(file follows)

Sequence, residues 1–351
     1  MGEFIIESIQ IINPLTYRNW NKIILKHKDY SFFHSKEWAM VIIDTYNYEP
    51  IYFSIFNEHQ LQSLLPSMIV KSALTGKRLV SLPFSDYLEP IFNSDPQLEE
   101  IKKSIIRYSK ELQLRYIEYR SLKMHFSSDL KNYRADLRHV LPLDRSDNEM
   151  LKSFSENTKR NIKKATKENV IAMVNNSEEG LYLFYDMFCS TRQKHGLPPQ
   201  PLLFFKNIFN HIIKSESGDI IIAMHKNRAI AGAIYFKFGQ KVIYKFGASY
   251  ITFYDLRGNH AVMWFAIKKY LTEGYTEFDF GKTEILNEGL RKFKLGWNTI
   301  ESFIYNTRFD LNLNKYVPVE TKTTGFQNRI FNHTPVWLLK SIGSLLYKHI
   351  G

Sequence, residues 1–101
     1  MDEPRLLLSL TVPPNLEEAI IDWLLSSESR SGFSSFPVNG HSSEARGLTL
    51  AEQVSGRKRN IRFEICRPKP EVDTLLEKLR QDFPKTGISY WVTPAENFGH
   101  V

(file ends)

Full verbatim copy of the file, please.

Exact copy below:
Sequence, residues 1–351
     1  MGEFIIESIQ IINPLTYRNW NKIILKHKDY SFFHSKEWAM VIIDTYNYEP
    51  IYFSIFNEHQ LQSLLPSMIV KSALTGKRLV SLPFSDYLEP IFNSDPQLEE
   101  IKKSIIRYSK ELQLRYIEYR SLKMHFSSDL KNYRADLRHV LPLDRSDNEM
   151  LKSFSENTKR NIKKATKENV IAMVNNSEEG LYLFYDMFCS TRQKHGLPPQ
   201  PLLFFKNIFN HIIKSESGDI IIAMHKNRAI AGAIYFKFGQ KVIYKFGASY
   251  ITFYDLRGNH AVMWFAIKKY LTEGYTEFDF GKTEILNEGL RKFKLGWNTI
   301  ESFIYNTRFD LNLNKYVPVE TKTTGFQNRI FNHTPVWLLK SIGSLLYKHI
   351  G

Sequence, residues 1–101
     1  MDEPRLLLSL TVPPNLEEAI IDWLLSSESR SGFSSFPVNG HSSEARGLTL
    51  AEQVSGRKRN IRFEICRPKP EVDTLLEKLR QDFPKTGISY WVTPAENFGH
   101  V